Co-Parenting During the Holidays
Raising a child with your ex is no easy task. After all, if two people used to be together and they no longer are, it is usually safe to assume that there are many issues on which the two people do not see eye to eye. This can make it especially challenging to co-parent effectively together. One parent may think that the children should be in bed by 8 P.M. sharp every night while the other thinks that the children should be allowed to stay up later. Parents may disagree about extracurricular activities, schoolwork, discipline, eating habits, or any number of things.
The holidays are often a stressful time of year for most adults as it is, so adding the challenge of co-parenting children can make the holidays even more troublesome. However, there are some steps you can take to make the holidays go more smoothly for you, your children, and your children’s other parent.
Depending on where you are in the separation or divorce process, you may not have a formal custody arrangement with your children’s other parent. If you and your spouse have decided that he or she will have the children for Christmas day, there is no reason that you cannot have a second Christmas at your house when you have the children. Christmas does not have to be on December 25 to be Christmas—especially for children. Some divorced parents establish a new ritual to do with their children for the holiday. This could be anything from a silly meal like ice cream for breakfast, or a Christmas game like “Yankee Swap” or Christmas charades.
Sometimes, a person’s ex-spouse does things that he or she does not agree with. Your ex may have been late dropping off the children to your house or perhaps bought them a present you do not think is appropriate. Whatever the dispute, try to keep arguments with your ex out of earshot of the children. It can be very stressful for children to hear their parents arguing or yelling. You may have to bite your tongue and put on a smile for the sake of your kids.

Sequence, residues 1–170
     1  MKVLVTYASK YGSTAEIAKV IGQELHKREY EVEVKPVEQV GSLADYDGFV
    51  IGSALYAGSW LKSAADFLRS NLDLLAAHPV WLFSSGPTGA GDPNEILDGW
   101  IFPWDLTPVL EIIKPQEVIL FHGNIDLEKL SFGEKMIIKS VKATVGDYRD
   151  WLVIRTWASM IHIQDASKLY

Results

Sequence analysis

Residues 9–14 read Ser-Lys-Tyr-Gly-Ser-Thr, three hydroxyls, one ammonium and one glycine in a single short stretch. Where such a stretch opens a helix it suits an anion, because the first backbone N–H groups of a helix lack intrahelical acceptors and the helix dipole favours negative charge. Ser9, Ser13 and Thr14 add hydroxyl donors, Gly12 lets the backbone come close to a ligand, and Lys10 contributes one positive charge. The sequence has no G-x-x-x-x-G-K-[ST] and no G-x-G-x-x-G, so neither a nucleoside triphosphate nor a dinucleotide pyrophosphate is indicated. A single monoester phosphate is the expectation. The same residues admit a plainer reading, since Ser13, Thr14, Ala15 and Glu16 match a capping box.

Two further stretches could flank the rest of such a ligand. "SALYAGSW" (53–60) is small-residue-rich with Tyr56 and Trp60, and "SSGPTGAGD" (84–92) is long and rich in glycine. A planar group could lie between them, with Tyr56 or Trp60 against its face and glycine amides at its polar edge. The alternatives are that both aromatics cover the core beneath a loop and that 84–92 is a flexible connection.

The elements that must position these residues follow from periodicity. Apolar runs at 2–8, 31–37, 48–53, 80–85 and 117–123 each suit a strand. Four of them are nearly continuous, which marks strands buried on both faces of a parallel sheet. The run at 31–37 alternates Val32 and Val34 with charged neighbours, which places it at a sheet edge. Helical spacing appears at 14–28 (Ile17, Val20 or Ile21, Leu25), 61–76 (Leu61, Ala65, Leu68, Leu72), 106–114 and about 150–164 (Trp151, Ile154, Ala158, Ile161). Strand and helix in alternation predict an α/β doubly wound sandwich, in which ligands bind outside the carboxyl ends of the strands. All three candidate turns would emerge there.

On a related note, avoid talking negatively about your ex to your children. Many divorcing parents put their kids in the middle of the dispute or ask the children to be messengers so that they do not have to speak with their ex. This puts an unreasonable burden on the children. Kids often pick up on the attitudes and behaviors of the adults around them, so staying positive will also help your children feel happy during the holidays.
The holidays can be especially difficult for those parents who are considering or have decided to divorce. If you are at the point that you are ready to start the divorce process, it is imperative that you seek trustworthy legal counsel. An experienced Kane County family law attorney can help guide you through the divorce and fight for your rights. Call The Law Offices of Douglas B. Warlick & Associates at 630-232-9700 for a confidential consultation today.